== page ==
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“A lot of people, I would say a majority of people even, who are big Honk fans just happened onto it.”—Trudi Cohen
The Honk! Festival of Activist Street Bands began with the Second Line Social Aid & Pleasure Society Brass Band, a raucous, renegade gang of Somerville horn players who dress all in reds. They had an inkling that there were others like them around the country and put out a call to come play together. A dozen brass and drum bands—hailing from as far away as San Francisco, Vancouver, Chicago and Brooklyn—arrived to perform on sidewalks and plazas around Davis Square for the first Honk in 2006.
The next year Honk added a parade from Davis Square to Harvard Square. Somerville Mayor Joseph Curtatone marched at the front—well, at least to the Cambridge line. The largest Honk in 2012 showcased 34 bands with 600 musicians. It attracts some 10,000 revelers.
It’s become an infectious street party as the ninth annual Honk Fest takes place in Somerville this weekend, with bands performing for free from 12:30 to 9 p.m. Saturday around Davis Square and parading from Somerville to Cambridge at noon Sunday and then performing at the Harvard Square Oktoberfest from 2 to 6 p.m. Sunday. (Update: See our photos of the 2014 Honk parade here.)
Honk is the rare Boston area cultural invention that’s so successful that it’s been copycatted in New York, Seattle, Providence, Austin, and Detroit. And there are plans to debut Honk festivals in Australia and Brazil in 2015.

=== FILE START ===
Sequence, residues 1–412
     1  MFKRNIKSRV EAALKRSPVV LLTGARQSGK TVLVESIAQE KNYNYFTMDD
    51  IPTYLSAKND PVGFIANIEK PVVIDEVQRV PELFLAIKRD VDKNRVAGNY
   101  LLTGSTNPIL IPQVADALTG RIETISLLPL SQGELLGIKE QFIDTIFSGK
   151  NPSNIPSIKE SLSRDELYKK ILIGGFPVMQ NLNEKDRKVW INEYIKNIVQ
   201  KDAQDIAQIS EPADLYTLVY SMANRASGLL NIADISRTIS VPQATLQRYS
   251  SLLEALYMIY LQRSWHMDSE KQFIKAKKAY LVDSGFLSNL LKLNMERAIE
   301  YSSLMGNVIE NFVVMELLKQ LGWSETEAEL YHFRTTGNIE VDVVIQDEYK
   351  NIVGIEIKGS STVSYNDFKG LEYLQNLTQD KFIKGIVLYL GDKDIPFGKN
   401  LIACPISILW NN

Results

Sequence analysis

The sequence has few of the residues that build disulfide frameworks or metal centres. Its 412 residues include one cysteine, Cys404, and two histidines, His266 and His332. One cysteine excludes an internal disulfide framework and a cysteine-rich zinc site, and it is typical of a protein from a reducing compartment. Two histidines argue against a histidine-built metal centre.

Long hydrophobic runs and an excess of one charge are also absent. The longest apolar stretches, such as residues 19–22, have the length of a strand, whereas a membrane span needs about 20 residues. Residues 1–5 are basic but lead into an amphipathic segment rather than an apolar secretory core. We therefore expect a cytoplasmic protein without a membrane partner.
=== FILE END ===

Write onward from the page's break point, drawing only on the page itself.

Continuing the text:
How did it begin? What has made it so contagious? In the oral history below, we begin to answer some of these questions.
“Would you like to get together?”
Trudi Cohen, drummer in the Second Line Social Aid & Pleasure Society Brass Band in Somerville and one of the co-founders of Honk here: “Our band got started in 2003 doing some anti-war protests with Bread and Puppet [Theater] actually. It was an ad-hoc group of people. Various people knew each other, but we didn’t all know each other. After one march in particular, we thought ‘This is really exciting, why don’t we stick together.’ That was the beginning of our band.”
“About three years later we had this thought that there were probably other bands that had formed similarly with this idea of lending music to the politics of the moment. We started looking around to see who they might be. Hungry March Band had been around for a while. John [Bell, her husband] and I knew them from New York. And, of course, the Bread and Puppet Band was a big part of our inspiration. [The couple has performed with the experimental, political, theater troupe since the 1970s.] Then we found the Brass Liberation Orchestra in Oakland, California. So we just sort of sent out this message: ‘Would you like to get together and have some sort of convergence of activist bands?’ And we got a very positive response. And when the BLO people from California told us they were coming, we said, ‘Oh, we have a festival.’”
“There were 12 bands the first year and it took us completely by surprise how great it was, how much all the musicians who participated enjoyed it and how much the public enjoyed it. We had approached Rob Gregory, who is one of the owners of Redbones [restaurant in Somerville], to just run this idea by him about whether doing it in Davis Square would make sense. You know, he’s a visionary. So he was like, ‘This is perfect. This is exactly what Davis Square needs to preserve its image as a spontaneous, creative place.’ He got Davis Square businesses to back it. So that took us by surprise too because he believed in it more than we did in a way. It was like a combination of this great good will of the musicians who came and having the support of the community and then having it just be a really cool event that gave it its birth.”
The first Honk festival debuted in fall 2006. A dozen bands—hailing from as far away as San Francisco, Vancouver, Chicago and Brooklyn—performed around Somerville’s Davis Square.